As I crept into the crowded theater, I glanced around, noting that it was mostly junior high boys and their fathers occupying the seats around me. Before departing for the theater, I inquired about the premise of the film from a male friend. “It’s a guy movie,” he told me. Though that comment received an epic eye-roll, I endeavored to keep an open mind and found myself sorely disappointed.
The newly released movie “The Expendables” was boldly marketed on the backs of its stars. Famed action movie heroes Sylvester Stallone, Jason Statham and Jet Li unite to create what can only be described as 90 minutes of confusing, stereotypical monotony highlighted only by laughable cameos from action film veterans Arnold Schwarzenegger and Bruce Willis.
The acting was bad and the dialogue was worse. The plot, what I could make of it, surrounds a group of men known as The Expendables, an elite group of trained mercenaries. A mission to topple a South American dictatorship goes awry when their local contact is arrested and Statham and Stallone’s characters barely escape alive. We’re never told what South American country we are in although if we were we’d barely be able to make it out through Stallone’s indecipherable mumbling. However, Stallone’s romantic interest in their contact was piqued upon introduction because she is conveniently played by a beautiful yet helpless native woman. The men return home with instructions to abandon the mission. Resolved to play the part of the hero and alpha-male, Stallone gallantly refuses to leave her to her fate at the hands of greedy American businessmen and corrupt officials. Not shockingly, they succeed in rescuing her, liberating the town and everything ends fine and dandy with the men throwing knives, revving motorcycles and driving into the night to the ’76 tune ‘The Boys are Back in Town.’ It’s essentially what I expected when I heard Sylvester Stallone was directing and starring in the film.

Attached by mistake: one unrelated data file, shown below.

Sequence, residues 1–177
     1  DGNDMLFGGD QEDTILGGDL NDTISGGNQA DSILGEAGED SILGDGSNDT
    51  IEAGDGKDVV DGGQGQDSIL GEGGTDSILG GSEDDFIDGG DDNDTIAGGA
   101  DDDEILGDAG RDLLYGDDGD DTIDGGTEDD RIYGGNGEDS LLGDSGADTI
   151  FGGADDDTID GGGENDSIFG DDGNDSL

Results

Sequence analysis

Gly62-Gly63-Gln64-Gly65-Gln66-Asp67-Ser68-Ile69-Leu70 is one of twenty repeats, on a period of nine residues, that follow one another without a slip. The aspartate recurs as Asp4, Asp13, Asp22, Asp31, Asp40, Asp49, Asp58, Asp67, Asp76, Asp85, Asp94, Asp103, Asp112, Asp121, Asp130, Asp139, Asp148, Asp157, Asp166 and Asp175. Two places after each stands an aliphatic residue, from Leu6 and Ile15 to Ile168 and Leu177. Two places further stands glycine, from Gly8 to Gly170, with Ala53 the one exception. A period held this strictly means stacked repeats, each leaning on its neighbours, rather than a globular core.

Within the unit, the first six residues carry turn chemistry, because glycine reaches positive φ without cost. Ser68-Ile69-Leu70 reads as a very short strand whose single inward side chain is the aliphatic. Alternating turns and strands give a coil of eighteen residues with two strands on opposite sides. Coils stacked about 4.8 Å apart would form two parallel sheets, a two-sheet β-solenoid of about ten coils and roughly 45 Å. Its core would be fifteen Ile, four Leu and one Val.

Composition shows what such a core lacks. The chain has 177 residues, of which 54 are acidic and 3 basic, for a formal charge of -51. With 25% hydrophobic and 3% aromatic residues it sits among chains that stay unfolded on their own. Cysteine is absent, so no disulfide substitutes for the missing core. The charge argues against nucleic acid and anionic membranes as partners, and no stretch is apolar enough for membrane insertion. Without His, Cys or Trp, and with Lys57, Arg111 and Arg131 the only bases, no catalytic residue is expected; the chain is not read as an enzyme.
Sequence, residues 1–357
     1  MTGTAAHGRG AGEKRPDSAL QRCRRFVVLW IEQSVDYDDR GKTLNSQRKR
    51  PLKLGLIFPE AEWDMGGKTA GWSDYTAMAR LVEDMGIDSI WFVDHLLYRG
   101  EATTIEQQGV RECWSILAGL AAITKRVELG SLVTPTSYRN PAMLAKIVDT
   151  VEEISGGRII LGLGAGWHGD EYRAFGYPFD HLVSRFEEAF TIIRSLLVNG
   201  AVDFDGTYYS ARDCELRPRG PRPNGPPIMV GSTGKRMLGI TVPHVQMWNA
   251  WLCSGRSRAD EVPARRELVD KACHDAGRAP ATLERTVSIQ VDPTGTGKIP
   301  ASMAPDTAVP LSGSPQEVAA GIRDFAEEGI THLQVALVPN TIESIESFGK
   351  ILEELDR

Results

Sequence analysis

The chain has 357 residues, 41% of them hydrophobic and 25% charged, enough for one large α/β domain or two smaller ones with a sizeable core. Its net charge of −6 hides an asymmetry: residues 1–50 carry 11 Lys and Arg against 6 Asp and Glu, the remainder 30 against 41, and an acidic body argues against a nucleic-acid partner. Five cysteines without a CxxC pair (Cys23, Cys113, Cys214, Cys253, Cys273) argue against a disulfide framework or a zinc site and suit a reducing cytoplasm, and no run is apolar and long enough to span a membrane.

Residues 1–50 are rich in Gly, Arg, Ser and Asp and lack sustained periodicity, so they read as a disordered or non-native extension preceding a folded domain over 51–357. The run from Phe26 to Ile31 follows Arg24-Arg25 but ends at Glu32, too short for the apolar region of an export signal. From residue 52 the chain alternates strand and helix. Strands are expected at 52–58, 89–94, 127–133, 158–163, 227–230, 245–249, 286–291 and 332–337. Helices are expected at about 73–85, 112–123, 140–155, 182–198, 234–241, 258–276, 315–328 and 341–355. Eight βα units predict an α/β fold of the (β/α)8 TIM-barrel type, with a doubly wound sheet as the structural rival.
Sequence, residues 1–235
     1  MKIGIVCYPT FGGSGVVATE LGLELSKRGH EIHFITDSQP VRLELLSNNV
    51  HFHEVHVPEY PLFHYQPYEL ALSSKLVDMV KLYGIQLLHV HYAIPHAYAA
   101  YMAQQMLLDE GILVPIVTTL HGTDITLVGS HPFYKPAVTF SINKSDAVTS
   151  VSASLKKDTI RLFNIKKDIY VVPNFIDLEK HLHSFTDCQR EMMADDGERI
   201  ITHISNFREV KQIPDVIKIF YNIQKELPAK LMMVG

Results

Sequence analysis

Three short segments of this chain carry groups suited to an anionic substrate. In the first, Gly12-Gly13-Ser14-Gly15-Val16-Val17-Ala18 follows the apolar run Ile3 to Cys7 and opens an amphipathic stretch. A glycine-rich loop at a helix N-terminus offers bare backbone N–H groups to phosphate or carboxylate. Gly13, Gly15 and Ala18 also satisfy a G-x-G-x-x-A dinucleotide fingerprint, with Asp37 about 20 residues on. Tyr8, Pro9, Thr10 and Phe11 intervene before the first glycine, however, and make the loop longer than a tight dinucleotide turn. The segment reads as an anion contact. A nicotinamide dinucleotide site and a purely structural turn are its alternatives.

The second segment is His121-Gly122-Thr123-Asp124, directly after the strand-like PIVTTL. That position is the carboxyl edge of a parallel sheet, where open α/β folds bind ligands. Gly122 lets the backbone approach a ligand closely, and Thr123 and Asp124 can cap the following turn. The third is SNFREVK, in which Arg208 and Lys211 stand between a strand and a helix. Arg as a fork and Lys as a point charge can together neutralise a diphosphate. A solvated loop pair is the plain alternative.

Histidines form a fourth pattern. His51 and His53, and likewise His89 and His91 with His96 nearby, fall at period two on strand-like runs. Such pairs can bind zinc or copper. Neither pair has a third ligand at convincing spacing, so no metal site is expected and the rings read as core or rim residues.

Aside from the giant strides we have made in gender equality these past few decades, the entertainment industry seems content to employ antiquated clichés for entertainment’s sake where the man plays the savior and the woman plays the damsel in distress. As far as I’m concerned, although it may have been appealing to a male audience, it failed to redeem itself for women who are looking to be portrayed as more than a prop on a patriarchal stage.
Director: Sylvester Stallone
Release date: August 13
Running time: 103 minutes
Main cast members: Sylvester Stallone, Jason Statham, Jet Li, Dolph Lundagren, Eric Roberts